The following is mainly extracted from the book “Waterloo Sunrise”, edited by Julie Wickham and Mike Cox. Illustrations by Jan Tait. This article was kindly contributed by Adam Harrington of The Whitley Pump.
The Sailcloth Factory
The civic and industrial revolution increased in intensity after the external shock of the Revolutionary and Napoleonic Wars.
Musgrave Lamb’s sailcloth factory in Reading’s industrial estate manufactured so much sailcloth for the Royal Navy that it was said that the Battle of Trafalgar was won in Katesgrove. The cloth was noted for its strength and whiteness. (Petyt 1993)
The Tannery was probably located towards the town end of Katesgrove Lane between the River Kennet and the Hook and Tackle, perhaps centred on the present pedestrian underpass under what is now the Inner Distribution Road. It was notorious for the strong smell of the hides and processing chemicals.
An Isolation Hospital for infectious diseases was on the island where the Anchorage now stands, just below County Lock.
The Reading Ironworks was founded in 1818 by Barrett, Exall and Andrewes and dominated the area for 70 years. It went into liquidation in 1888 during the agricultural slump. It occupied a total of 12 acres of land, some to the east and some to the west of the Kennet. It was one of the largest suppliers of agricultural machinery in Britain, with 360 employees. “But for the fact of its closure, Katesgrove might have added to its Trafalgar fame by housing one of the most important engineering works in the south of England” (Petyt 1993).
In 1838 Isambard Kingdom Brunel loaned the company £1500 as capital for them to provide ironwork for his new railway which would link Bristol and London via Reading. The loan was repaid 2 years later when the line opened.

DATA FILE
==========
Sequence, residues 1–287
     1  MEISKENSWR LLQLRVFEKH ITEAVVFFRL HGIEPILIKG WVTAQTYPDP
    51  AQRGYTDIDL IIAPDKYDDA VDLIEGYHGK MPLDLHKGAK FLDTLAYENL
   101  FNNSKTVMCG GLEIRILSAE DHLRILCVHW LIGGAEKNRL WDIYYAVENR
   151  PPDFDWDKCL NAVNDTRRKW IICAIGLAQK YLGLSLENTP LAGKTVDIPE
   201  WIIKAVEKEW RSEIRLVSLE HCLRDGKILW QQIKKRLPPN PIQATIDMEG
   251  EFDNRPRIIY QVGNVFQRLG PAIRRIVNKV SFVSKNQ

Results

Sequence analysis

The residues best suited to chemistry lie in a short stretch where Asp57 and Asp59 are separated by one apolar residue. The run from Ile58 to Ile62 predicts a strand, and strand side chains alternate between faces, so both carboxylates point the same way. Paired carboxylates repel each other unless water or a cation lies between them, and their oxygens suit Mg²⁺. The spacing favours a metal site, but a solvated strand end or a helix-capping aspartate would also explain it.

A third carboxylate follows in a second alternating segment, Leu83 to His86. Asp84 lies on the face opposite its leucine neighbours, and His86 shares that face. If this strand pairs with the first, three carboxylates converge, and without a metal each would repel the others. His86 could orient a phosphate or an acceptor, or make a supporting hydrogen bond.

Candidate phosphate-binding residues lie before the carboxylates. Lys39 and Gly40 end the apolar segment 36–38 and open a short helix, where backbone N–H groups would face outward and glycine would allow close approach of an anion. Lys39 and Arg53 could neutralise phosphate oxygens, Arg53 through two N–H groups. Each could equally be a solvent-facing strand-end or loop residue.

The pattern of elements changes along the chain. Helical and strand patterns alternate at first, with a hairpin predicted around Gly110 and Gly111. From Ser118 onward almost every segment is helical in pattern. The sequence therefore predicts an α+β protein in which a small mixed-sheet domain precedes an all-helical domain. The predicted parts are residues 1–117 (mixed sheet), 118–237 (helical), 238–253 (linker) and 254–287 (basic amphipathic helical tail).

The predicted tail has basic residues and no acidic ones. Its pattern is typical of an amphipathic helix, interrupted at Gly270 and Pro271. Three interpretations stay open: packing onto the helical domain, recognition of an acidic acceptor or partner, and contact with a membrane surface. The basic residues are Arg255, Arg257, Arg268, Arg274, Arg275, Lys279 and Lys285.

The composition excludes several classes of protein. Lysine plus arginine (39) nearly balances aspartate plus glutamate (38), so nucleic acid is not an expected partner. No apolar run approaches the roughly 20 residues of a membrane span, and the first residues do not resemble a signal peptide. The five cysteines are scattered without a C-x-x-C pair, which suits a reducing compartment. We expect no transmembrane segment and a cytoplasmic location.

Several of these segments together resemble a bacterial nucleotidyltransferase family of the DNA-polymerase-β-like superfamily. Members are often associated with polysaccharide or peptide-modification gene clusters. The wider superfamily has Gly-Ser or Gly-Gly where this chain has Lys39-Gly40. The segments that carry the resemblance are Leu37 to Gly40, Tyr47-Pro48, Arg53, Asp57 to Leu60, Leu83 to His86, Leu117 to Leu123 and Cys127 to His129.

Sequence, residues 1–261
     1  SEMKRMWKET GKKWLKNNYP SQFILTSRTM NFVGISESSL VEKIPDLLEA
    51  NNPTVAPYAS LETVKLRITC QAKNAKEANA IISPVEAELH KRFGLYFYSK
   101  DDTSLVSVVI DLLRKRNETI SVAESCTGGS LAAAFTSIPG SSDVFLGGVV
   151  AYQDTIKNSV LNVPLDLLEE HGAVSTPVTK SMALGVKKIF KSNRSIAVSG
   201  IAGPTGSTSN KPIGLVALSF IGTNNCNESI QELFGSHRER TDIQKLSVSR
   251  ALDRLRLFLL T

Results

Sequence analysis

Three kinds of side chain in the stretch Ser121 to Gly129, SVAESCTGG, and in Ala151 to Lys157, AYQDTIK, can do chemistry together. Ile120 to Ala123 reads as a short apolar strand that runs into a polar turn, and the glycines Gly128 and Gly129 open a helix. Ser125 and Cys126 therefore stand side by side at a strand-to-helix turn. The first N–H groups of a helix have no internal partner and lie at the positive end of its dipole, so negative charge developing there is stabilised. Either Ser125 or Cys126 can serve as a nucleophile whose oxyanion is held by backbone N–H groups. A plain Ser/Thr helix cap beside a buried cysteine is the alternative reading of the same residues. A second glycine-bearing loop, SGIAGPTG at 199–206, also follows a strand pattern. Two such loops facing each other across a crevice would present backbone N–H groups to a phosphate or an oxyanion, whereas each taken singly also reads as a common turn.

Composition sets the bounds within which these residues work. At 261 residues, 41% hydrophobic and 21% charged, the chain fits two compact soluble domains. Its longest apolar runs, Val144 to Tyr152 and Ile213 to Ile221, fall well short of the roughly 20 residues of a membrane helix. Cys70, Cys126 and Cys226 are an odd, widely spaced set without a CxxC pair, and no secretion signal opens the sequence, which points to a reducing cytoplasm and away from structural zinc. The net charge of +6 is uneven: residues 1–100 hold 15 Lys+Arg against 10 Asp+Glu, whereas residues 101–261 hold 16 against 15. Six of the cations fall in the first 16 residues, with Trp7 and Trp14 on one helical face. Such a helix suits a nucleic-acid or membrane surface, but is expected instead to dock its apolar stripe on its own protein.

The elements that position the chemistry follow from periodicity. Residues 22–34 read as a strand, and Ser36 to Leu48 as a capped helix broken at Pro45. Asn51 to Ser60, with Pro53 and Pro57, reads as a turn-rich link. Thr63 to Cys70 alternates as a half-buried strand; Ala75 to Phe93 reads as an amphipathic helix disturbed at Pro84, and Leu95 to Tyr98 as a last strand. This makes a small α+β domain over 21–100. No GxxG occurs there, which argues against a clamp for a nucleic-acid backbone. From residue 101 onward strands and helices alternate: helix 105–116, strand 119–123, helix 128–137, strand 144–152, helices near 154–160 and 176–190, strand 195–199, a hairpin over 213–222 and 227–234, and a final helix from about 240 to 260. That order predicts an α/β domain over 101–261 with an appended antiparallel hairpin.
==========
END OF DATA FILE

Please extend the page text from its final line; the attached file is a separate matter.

They displayed many items at the Great Exhibition of 1851, including a steam-driven biscuit machine. William Exall designed and supplied the original biscuit-making plant for George Palmer. Together they created the first continuously-running machinery for the biscuit-making industry. (Reading Local Studies Library).
The Brick Kilns
There were 3 brick kilns in the area, two on the eastern side of Elgar Road. Going south, Mr Waugh’s (or Katesgrove) Kiln was just to the south of Alpine Street. The other was Waterloo Kiln, owned my Messrs Poulton and Son, which was on what is now the Robert Cort site (Industrial Estate) on Elgar Road South. The third, Rose Kiln, which was owned by Mr Rose was further out near Rose Kiln Lane.
Waterloo Kiln made Adamantine Brick, sand-faced facing bricks, silver-grey facing bricks and red-brick enhancements. Mr Poulton lived in Milman Road, in a house called “Kingsclere” and his father-in-law lived in a house called “Highclere”. Both houses are still there.
The Jam Factory
The Co-op Jam Factory was on the west bank of the Kennet, across the river from where Waterloo Meadows Children’s Centre is now. A large number of its employees were Katesgrove residents. It was in operation until 1968, and had its own railway sidings.